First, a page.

Elsevier defends stance on anti-open-access bill

The journal publisher Elsevier has hit back after being pilloried for supporting an anti-open-access bill in the US Congress.

February 9, 2012

A row has been rumbling along for weeks over the publisher's support for the Research Works Act introduced to Congress in December by New York Democrat Carolyn Maloney, which seeks to overturn and ban policies such as the one adopted by the National Institutes of Health requiring taxpayer-funded research papers to be deposited in open-access repositories within a year of publication.

Several other publishers, including Nature Publishing Group, have stated their opposition to the proposals.

Thousands of people have signed a petition denouncing Elsevier's stance, while a number of prominent academics have vowed to stop publishing in and refereeing for Elsevier journals.

Writing last month, Mike Taylor, research associate at the department of earth sciences, University of Bristol, accused Elsevier of pursuing an agenda that is "nothing nobler than to line their pockets at the expense of scientists worldwide and everyone with a preventable or treatable disease".

However, in a statement to Times Higher Education, Elsevier insists that allegations that it is "anti-science" are misplaced.

"We respect the freedom of authors to make their own decisions, and we are happy to engage to discuss their concerns," it says.

"The facts upon which the petition is based, however, are not correct.

"Access to published content is greater and at its lowest cost per use than ever before.

"This is a direct result of the investments publishers have made to digitise and disseminate content.

"We offer purchasing options from pay-per-view, title by title, to a wide range of collections; however there is no contesting that the introduction of optional packages has added enormous access at fractions of the list prices and resulted in reduced cost per use."

The statement adds that Elsevier "is in the business of expanding access to content, not restricting it".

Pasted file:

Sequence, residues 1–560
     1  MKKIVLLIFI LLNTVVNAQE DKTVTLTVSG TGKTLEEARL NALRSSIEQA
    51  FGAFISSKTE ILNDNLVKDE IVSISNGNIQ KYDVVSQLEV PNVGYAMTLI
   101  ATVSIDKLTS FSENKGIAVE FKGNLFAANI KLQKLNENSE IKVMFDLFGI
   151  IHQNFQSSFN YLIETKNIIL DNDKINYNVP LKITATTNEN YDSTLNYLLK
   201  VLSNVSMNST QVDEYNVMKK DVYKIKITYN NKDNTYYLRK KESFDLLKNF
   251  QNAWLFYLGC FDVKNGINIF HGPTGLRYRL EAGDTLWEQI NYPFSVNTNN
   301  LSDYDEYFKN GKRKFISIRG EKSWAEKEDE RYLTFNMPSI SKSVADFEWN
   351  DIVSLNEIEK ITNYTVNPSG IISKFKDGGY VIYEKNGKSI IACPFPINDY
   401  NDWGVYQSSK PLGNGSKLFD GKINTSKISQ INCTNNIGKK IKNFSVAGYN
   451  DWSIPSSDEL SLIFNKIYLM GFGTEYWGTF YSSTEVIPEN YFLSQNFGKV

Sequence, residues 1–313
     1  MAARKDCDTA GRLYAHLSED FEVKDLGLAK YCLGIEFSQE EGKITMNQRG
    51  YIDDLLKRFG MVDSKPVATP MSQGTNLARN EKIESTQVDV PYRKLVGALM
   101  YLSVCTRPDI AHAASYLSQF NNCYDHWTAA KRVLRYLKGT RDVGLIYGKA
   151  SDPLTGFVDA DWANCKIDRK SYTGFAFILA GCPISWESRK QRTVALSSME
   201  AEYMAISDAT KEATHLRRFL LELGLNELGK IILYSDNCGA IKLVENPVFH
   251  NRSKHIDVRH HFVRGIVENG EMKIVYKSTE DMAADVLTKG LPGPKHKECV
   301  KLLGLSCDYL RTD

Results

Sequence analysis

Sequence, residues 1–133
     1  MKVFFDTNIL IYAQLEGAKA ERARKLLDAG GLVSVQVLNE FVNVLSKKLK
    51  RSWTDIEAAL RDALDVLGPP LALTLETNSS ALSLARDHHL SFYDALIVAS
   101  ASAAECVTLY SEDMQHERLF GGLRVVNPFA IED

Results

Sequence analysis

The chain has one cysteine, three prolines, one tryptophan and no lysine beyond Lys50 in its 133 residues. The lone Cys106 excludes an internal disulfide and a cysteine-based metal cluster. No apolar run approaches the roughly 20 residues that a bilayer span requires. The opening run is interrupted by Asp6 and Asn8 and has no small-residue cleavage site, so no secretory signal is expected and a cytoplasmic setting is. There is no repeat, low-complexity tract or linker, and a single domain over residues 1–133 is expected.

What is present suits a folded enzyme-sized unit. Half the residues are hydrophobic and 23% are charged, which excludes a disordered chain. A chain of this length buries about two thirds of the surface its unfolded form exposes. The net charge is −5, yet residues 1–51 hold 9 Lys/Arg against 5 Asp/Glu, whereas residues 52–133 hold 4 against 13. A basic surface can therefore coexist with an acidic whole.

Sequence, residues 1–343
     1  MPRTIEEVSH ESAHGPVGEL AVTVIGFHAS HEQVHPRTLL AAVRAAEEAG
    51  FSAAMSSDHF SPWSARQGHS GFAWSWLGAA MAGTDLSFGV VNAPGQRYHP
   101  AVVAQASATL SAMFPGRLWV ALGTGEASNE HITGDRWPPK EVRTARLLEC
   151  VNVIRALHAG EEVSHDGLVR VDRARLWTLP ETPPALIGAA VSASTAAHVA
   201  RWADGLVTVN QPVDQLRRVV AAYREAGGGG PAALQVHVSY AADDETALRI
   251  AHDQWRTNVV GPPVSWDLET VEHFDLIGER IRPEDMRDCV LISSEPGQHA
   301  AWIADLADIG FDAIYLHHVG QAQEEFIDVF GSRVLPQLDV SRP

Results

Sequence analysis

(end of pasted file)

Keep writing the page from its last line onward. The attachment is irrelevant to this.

You've reached your article limit

Register to continue

Registration is free and only takes a moment. Once registered you can read a total of 6 articles each month, plus:

  • Sign up for the editor's highlights
  • Receive World University Rankings news first
  • Get job alerts, shortlist jobs and save job searches
  • Participate in reader discussions and post comments

Have your say

Log in or register to post comments

Featured Jobs

Professor of Military Technology THE SWEDISH DEFENCE UNIVERSITY
Director of Digital Services STAFFORDSHIRE UNIVERSITY
Technician for Psychology Programmes ST MARYS UNIVERSITY, TWICKENHAM

Most Commented

Home secretary says government will support 'best' universities

Man handing microphone to audience member

Academic attainment of disadvantaged students can be improved if they can decide how they are assessed, study claims

Woman drinking tea from saucer

Plugging a multibillion-pound deficit exacerbated by June’s poll result may require ‘drastic measures’, analysts have warned

PhD lettered on book spine

Billy Bryan and Furaha Asani look at how to get the most out of your doctoral studies

Italy's gold medallist

New measures to ensure universities are ‘not penalised’ for taking poorer students also outlined for next stage of TEF